A vessel operated by Greenpeace arrived in the waters near an oil and gas drilling rig owned by energy giant Total to observe the environmental impacts of a gas leak that has been ongoing since March 25th off the coast of Scotland in the North Sea.
"We are here because oil companies often withhold information on accidents," said Christian Bussau, chief scientist and ocean expert at Greenpeace. "We want to get our own picture of the environmental damage from the scene."
Meanwhile, clean up efforts by Total were hampered by heavy seas and rough weather.
On March 25 over two hundred workers were evacuated from the platform, located about 150 miles off the Scottish coast, and a two-mile exclusion zone was set up around the site, while fire-fighting ships remained on standby in case of an explosion.
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Agence France-Presse reports: Oily substance at North Sea gas leak rig: Greenpeace
An oily sheen has spread around a stricken North Sea gas rig, Greenpeace activists on a ship nearby said Monday, but Total insisted it was formed by gas condensate.
Greenpeace's Koenigin Juliana research ship arrived on Monday at the edge of an exclusion zone around the abandoned Elgin platform owned by Total, 150 miles (240 kilometres) off Aberdeen in eastern Scotland.
The French energy giant insists there has been little environmental impact since the gas began leaking from the platform on March 25.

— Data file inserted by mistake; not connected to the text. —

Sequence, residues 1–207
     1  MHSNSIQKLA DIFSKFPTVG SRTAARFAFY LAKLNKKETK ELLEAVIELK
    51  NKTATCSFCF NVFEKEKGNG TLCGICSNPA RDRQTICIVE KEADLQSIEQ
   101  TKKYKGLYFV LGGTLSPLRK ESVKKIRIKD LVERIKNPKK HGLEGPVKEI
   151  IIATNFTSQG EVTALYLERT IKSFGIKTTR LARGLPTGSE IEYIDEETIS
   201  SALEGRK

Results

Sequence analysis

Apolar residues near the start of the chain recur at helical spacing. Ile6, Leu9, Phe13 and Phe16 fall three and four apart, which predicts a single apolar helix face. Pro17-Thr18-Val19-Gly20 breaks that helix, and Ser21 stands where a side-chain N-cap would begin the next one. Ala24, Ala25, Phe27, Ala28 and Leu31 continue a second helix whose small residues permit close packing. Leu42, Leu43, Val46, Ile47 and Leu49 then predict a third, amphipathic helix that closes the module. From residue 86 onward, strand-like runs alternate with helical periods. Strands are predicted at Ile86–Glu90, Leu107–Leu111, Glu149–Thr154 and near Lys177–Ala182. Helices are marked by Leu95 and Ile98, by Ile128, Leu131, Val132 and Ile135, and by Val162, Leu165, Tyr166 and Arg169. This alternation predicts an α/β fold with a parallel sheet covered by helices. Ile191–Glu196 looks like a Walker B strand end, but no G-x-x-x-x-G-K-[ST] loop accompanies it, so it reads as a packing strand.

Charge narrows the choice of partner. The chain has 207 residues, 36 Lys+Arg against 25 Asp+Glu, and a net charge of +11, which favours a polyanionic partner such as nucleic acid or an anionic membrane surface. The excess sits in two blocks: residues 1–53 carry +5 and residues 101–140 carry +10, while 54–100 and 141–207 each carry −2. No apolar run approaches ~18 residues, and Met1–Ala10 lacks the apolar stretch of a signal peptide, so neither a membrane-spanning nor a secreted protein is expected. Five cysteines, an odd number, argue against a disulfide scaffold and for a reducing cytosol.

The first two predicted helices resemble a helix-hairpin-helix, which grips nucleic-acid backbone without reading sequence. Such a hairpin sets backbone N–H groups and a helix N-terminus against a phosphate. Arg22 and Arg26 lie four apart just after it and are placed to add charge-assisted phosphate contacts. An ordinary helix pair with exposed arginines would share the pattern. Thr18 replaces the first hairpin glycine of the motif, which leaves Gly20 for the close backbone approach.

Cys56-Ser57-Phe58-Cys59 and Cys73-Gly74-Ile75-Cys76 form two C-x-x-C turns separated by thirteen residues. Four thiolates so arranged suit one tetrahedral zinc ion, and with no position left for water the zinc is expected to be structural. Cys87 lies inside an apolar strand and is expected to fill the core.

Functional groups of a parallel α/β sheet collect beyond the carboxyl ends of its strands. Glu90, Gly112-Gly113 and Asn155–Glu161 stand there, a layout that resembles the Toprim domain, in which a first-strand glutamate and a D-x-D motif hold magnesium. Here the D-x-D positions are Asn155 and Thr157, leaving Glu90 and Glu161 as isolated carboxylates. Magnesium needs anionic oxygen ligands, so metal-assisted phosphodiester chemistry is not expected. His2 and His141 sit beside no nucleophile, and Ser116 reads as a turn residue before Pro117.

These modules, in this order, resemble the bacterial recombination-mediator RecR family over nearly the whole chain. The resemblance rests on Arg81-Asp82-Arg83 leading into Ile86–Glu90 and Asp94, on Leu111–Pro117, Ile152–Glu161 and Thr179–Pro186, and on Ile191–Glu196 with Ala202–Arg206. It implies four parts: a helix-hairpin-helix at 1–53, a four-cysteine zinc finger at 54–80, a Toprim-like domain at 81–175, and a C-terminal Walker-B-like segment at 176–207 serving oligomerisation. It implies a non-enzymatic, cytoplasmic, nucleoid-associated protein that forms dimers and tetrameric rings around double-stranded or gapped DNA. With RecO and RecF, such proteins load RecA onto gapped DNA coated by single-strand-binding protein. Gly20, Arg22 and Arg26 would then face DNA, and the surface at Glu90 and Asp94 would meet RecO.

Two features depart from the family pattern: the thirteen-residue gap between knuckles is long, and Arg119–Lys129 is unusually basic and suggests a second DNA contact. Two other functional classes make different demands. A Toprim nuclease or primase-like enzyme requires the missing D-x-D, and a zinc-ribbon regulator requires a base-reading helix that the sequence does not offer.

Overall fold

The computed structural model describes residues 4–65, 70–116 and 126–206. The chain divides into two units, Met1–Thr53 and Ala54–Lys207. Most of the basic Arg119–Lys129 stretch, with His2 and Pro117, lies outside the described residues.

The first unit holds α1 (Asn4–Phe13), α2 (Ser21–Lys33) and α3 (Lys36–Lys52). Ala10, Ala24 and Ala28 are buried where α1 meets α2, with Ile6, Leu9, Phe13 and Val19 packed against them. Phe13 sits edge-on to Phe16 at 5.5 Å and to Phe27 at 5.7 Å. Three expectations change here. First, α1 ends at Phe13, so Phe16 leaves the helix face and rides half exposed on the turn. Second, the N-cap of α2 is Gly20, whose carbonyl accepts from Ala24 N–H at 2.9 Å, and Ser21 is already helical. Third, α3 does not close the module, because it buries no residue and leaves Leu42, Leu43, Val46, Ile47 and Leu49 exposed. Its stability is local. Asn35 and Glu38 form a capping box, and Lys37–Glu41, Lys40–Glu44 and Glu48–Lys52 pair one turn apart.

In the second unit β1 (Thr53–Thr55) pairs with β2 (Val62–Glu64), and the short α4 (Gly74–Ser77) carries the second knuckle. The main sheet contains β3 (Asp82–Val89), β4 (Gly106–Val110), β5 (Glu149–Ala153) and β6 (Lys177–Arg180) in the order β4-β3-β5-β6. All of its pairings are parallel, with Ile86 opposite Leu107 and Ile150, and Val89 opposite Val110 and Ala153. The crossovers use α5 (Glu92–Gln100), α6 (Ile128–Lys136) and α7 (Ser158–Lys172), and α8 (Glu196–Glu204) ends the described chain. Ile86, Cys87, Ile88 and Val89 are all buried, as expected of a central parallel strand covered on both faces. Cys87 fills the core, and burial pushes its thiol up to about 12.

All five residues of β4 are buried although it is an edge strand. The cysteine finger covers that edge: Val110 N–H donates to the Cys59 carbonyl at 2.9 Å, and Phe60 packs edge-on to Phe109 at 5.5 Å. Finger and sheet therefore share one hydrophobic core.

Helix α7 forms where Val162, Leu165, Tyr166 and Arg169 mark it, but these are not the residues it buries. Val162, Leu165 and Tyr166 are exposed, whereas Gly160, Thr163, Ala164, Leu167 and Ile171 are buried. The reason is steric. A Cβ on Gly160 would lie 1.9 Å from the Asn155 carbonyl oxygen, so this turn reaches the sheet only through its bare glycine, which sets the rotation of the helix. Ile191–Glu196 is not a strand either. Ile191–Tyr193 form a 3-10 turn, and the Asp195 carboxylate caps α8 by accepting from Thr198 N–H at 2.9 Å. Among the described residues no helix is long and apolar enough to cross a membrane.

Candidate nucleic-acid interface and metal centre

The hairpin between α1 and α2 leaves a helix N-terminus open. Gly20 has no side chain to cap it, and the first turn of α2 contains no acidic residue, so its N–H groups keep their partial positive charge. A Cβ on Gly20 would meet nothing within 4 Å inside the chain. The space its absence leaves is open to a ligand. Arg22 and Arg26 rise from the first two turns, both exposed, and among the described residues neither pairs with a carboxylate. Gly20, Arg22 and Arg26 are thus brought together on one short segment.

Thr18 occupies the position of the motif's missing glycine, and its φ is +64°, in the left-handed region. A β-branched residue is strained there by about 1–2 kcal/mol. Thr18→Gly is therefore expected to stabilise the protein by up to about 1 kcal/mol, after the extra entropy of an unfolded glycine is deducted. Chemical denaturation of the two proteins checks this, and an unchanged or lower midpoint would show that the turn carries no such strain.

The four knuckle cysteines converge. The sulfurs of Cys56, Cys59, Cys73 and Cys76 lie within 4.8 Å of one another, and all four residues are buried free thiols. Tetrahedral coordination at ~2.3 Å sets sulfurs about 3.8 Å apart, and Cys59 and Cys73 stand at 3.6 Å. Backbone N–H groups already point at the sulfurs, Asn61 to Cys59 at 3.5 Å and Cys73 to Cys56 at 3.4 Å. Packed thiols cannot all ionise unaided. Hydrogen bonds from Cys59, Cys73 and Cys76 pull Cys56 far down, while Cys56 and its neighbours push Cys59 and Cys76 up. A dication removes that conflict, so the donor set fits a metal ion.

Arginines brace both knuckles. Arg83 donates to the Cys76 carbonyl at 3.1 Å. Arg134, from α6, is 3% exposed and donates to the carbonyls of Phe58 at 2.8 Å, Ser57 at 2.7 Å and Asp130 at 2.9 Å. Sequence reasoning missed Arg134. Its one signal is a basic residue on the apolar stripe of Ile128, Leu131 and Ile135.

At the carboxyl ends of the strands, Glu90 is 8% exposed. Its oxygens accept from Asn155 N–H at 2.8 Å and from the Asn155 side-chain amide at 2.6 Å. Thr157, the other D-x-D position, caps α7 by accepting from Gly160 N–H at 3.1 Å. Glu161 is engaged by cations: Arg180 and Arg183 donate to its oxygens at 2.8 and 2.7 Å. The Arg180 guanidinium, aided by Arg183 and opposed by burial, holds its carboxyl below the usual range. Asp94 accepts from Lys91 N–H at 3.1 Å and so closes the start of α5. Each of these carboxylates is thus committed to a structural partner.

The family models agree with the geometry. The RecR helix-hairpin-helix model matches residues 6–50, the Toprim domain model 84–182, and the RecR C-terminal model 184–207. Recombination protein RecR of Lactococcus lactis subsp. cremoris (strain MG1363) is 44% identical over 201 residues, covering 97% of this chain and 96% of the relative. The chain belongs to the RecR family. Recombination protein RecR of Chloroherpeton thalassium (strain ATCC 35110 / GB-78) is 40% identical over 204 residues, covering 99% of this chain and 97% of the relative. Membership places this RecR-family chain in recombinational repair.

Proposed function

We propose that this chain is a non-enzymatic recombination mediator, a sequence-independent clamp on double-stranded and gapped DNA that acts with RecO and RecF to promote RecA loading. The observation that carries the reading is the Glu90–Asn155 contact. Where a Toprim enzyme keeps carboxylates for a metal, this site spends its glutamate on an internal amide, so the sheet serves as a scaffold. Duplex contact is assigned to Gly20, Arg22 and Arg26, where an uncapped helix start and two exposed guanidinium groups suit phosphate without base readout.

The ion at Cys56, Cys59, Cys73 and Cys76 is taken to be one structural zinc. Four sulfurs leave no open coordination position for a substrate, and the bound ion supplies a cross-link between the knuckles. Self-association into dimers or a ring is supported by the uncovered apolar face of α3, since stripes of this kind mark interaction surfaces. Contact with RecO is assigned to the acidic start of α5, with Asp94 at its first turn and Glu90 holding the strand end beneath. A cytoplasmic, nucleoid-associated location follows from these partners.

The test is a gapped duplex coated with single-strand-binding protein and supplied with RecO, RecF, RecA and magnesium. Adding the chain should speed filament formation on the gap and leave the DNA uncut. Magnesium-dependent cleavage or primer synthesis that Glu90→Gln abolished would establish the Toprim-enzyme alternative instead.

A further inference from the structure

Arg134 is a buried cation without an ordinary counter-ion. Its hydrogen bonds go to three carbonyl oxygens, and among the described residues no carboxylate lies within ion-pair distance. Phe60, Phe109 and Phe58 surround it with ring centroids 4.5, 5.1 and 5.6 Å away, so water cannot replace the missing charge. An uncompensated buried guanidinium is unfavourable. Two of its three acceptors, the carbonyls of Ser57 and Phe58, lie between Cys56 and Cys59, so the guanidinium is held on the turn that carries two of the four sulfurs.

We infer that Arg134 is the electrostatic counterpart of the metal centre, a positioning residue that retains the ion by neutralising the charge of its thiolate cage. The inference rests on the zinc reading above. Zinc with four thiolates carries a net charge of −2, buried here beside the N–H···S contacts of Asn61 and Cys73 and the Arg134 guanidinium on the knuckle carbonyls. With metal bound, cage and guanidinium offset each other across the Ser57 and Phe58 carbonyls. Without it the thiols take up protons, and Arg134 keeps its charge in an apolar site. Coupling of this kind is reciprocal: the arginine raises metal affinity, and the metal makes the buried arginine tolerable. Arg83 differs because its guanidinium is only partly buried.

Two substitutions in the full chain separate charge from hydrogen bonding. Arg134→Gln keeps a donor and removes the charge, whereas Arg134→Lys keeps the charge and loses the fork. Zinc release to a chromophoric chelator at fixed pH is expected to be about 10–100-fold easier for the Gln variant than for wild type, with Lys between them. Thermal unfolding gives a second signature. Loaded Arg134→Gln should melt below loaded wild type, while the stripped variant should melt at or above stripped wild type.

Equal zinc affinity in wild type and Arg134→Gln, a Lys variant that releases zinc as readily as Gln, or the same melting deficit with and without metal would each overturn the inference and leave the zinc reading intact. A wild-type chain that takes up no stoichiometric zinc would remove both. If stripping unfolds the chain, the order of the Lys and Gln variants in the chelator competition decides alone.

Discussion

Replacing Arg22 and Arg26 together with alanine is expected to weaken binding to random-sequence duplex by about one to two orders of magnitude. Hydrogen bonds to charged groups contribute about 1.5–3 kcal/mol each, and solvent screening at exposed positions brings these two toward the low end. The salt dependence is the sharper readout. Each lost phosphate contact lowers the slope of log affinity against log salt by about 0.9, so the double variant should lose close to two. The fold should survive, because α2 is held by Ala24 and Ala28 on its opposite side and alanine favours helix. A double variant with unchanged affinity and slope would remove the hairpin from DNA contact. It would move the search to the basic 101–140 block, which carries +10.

But Christian Bussau, a marine expert from Greenpeace who is on board the ship, said a multi-coloured sheen around the platform was spreading and the group was taking air and water samples.
He said he believed the substance to be oil, though he admitted Greenpeace would not be able to analyse its samples until the ship returned to its base in Germany.
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Reuters adds: Total's battle to plug gas leak hit by rough seas
Total faced rough seas and heavy winds on Monday as the oil and gas company prepared to send men and machines to battle a leak at its Elgin platform in the North Sea that has spewed gas into the air for over a week.
The French company, which is spending $1 million per day on efforts to plug the leak, plans to move drilling rigs from two nearby fields, fly staff to the platform if it is deemed safe and send two underwater inspection vehicles to check where best to drill relief wells, Total said on Monday.
"Both (inspection) vessels are currently awaiting optimum sea conditions before they can be deployed," Total said, raising concerns that relief operations will be delayed as Met Office forecasts showed even stronger wind levels for Monday afternoon.
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